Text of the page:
Bakktimism and Abandonment in the Bakken

I returned yesterday from a quick trip to the Bakken. While the 10+ hours in various trucks (including 2 hours of driving very slowly around Minot in “reduced power” mode), we had the chance to discuss how diesel jells at -25 degrees and the difference between #1 Diesel and pre-mixed. We also talked about various book and article projects, abandonment, and the persistent optimism of people in the Bakken. And the cold. Photographs cannot capture the cold.

So cold.


Here are a few more observations.

1. Abandonment. Over the last few trips to the Bakken in 2015, we’ve seen the gradual abandonment of many temporary work force housing sites. In some cases, we were able to explain the open lots and the lower occupancy rates as the intersection of complex phenomenon such as the spread of pipelines (and the reduced need for truck drivers), the increased inventory of apartments, changing season needs for workers, the completion of major infrastructure projects, and, of course, the declining [drill] rig count.

On this trip, however, the decline in temporary workforce housing represents the declining fortunes of the Bakken. With a barrel of oil costing <$30 as compared to the over $100 at the peak of the Bakken boom, companies have simply stopped drilling for oil, and since drilling requires a significant quantity of short term labor, there are fewer people in the Bakken.

Our informal counts at “Type 2” RV parks throughout the region showed a steep decline in occupancy (with maybe 70% fewer RVs in parks since 2014) and spreading signs of abandonment. Back lots of RV parks are cluttered with abandoned RVs. Snow covered vehicles dot RV parks alongside piles of household goods, objects associated with life in an RV (insulation piles, mudrooms, et c.) and neglected units. The abundance of objects – from cars to clothes – in the modern world has produced a halo of discarded things around even the best maintained RV parks. The quantity, rate, and economic reality of abandoned objects has outstripped even our contemporary ability to dispose of trash out of sight (and site) and mind. Unlike pre-modern abandonment practices in which all but the most broken household goods remained worth salvaging, a visitor to the Bakken would get the impression that no thing, no matter how valuable, was necessarily worth keeping.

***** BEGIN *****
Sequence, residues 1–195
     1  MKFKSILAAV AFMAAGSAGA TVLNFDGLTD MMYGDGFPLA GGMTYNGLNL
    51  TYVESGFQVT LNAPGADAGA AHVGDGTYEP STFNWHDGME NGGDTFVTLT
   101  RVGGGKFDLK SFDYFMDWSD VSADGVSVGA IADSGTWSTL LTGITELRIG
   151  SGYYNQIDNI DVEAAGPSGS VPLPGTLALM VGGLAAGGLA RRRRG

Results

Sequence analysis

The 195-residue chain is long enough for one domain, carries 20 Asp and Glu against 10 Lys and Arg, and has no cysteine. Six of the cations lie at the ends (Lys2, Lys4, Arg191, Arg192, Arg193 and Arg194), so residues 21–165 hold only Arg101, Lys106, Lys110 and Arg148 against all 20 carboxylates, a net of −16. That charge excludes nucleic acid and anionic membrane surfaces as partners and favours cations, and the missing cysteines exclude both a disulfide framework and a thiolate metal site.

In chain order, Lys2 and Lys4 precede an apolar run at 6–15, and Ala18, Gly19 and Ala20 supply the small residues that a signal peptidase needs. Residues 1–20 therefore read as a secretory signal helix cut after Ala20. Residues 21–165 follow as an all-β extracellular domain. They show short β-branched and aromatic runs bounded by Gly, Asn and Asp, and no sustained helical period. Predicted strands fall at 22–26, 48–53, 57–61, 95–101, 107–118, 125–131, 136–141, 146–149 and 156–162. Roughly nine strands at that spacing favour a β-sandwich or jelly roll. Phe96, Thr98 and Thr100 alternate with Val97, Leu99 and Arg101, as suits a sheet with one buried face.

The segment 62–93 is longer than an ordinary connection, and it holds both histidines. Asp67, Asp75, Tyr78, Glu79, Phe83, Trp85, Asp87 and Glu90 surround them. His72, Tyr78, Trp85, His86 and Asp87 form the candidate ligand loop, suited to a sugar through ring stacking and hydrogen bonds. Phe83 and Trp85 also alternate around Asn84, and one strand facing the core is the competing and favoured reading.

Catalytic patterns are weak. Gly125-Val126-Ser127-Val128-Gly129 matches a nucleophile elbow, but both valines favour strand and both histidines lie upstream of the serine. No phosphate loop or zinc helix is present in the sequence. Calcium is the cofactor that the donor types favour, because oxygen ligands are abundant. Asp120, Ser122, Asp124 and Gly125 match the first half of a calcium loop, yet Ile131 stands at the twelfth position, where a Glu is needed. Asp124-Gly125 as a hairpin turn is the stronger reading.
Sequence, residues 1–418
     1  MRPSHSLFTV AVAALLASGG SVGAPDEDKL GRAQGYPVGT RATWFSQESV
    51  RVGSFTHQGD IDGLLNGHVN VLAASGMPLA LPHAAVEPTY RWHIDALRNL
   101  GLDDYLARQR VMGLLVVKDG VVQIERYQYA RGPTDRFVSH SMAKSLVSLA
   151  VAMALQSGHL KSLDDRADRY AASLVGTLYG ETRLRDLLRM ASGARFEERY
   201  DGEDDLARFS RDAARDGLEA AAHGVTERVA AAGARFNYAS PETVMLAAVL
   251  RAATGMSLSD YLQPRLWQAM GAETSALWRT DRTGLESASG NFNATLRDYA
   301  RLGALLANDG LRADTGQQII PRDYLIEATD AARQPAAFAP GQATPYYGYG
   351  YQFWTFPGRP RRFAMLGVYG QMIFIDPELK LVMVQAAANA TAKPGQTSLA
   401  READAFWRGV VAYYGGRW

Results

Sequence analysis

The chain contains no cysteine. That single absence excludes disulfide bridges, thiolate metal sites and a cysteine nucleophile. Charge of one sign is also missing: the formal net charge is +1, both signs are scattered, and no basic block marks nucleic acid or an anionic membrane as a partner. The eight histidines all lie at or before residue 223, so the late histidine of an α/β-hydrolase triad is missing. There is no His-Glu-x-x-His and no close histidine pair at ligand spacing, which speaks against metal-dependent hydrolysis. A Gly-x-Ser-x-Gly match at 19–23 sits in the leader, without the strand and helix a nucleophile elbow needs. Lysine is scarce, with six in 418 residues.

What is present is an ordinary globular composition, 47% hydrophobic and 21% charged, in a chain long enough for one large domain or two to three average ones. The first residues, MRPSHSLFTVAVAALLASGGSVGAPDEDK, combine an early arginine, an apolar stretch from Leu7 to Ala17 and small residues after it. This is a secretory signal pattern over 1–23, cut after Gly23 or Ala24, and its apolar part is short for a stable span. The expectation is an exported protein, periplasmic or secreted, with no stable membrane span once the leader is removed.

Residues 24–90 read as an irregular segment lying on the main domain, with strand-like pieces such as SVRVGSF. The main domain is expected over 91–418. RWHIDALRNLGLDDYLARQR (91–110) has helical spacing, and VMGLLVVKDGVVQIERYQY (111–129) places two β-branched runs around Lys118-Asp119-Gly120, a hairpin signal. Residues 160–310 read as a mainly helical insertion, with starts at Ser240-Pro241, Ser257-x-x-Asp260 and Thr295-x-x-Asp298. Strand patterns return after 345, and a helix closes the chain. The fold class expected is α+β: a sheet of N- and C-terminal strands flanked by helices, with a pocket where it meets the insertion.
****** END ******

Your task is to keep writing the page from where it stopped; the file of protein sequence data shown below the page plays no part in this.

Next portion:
2. Squatting. With so many vacant rooms around the Bakken and the declining economic fortunes of the region, it is hardly surprising to detect signs of squatting. A visit to one workforce housing site, we noticed a door to a unit was open and the power and heat were on, but there was no vehicle present or footprints in the four-day old snow. A quick scan through the open door demonstrated that the unit was likely occupied by a squatter who probably abandoned the units sometime around Christmas. The unit remained littered with clothing, unwashed dishes, toiletries, and even some wadded up cash. There was no sign of meth production or use. The unlocked and slightly ajar door, however, hints that the occupant may not have had a key to the unit and that considerable quantity of personal items left behind suggests that he (or they) did not have time to vacate the unit in an orderly fashion.

With several large “Type 1” work force housing facilities now sitting vacant, it is seems likely that some squatting will occur across the region. Years ago, when observing a squatter camp, we observed that official recognition of a temporary housing site facilitated the remove of trash from the area which made it easier for residents to keep their space tidy and neat. Squatting camps, in contrast, may leave more of a mark in the archaeological landscape because discard remains on site. Moreover, as formal camps transition from settlements with well-managed discard practices to sites of more ad hoc occupation, we might expect to see more material associated with the final phase of use. 

3. Overbuilding. We visited one the new subdivisions of Watford City during our visit to get a sense for what the new housing in the region looked like. We were struck by how similar some of the apartment complexes looked to workforce housing sites. 

The apartments below look like they could have been moved into the area on flatbed trucks, although they clearly were built on site. 


4. Bakktimism. We manage to collect a few more interviews during our relatively short visit, and it was remarkable how optimistic people were about the region. The reasons for this are undoubtedly complex. While the “boom” has slowed, people assured us that good jobs continue to exist. Many of the folks still in the Bakken – who we met, at least – have these jobs and lower rents have helped to mitigate lower earnings. 

Perhaps people also think that the price of oil could rebound as quickly as it dropped (whether this is really the case or not, is irrelevant). The prosperity of the region remains dependent on outside sources, and this perhaps fueled a kind of fatalism that has leads to two attitudes: optimism or pessimism. The pessimists have left.

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